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Hitman Jef Costello is a perfectionist who always carefully plans his murders and who never gets caught. One night however, after killing a night-club owner, he's seen by witnesses. His efforts to provide himself with an alibi fail and more and more he gets driven into a corner. Written by
Leon Wolters <wolters@strw.LeidenUniv.nl>
The caged bird is a bullfinch (Pyrrhula pyrrhula). In the book "Melville on Melville" the director stated: "I wanted the opening shots to be predominately gray, so I used a female bullfinch because it is just black and white, without the male's orange breast." See more »
When rounding up suspects the inspector refers to the population as 10 million. The 1968 population of Paris city proper was only 2.6 million. The population of the urban area was only 8.2 million. See more »
Along with 'The Wizard of Oz', the supreme film about the longing for home.
To see how beautiful, moving, exciting and astonishing Melville's 'Le Samourai' is, to recognise it as one of the greatest films ever made, arguably the most perfect, it is necessary to forget everything you've been told about it. If you've been told nothing, than you are very lucky; the first time I saw I knew nothing either, and it was a revelation - I came out of the cinema with huge goggle eyes - cinema can do THAT?! I absorbed every Melville film I could find (they are VERY hard to get), and read every article or book about him. My love grew to uncontrollable passion. But a lot cliches and received truths have grown up around his work, and this sublime miracle especially.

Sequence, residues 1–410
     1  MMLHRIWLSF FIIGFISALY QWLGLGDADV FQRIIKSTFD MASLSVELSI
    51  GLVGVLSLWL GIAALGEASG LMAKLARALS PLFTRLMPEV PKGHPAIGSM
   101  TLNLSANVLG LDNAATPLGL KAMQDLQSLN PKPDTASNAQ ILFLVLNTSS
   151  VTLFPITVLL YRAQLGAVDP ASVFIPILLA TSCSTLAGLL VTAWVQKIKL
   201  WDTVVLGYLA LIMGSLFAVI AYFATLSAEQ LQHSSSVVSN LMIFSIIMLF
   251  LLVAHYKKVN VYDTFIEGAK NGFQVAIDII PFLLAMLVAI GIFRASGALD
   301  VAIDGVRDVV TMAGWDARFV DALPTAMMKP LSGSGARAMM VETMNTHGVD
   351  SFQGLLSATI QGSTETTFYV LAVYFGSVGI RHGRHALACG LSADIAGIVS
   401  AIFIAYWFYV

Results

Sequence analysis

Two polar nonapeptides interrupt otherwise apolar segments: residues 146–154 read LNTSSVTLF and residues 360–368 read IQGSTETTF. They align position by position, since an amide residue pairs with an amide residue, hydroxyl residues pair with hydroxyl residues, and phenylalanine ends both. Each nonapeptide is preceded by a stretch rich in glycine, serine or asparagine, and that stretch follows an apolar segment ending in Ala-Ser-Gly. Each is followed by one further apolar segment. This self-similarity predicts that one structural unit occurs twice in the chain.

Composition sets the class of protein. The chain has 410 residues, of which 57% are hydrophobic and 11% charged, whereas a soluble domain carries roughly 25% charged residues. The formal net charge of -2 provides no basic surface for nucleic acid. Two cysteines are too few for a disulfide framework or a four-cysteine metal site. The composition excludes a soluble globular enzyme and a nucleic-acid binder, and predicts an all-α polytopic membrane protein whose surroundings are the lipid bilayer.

The most obvious is the director's obsession with American cinema. That his films are mere tributes to American cinema, or stern deconstructions of them. It is true that Jef Costello wears the classic film noir garb of mac and derby, but so do at least 400 men in Paris. And it is true that Melville rigorously exposes the myth of the gangster, but, most importantly, of masculinity and its power.
Elaborate theories of psychoanalysis are usually brought in here, the idea that Jef begins the film 'whole', looking at the mirror; during the course of the narrative he loses this self-sufficient image, cracking up as it fragments, split by mirrors, trapped behind bars (although the halved banknotes he consciously plays with at the beginning might qualify this).
Others comment on the film less as a gangster film than a dramatisation of particular philosophies. Some see Jef as an example of existentialist man, a man who does not exist except through his acts - the film patiently records endless scenes of Jef walking, staring, preparing for his jobs etc. His final ritual is a preparation for his death; as existentialism suggests, friends, social purpose etc. fall away, and one is left alone with one's fate.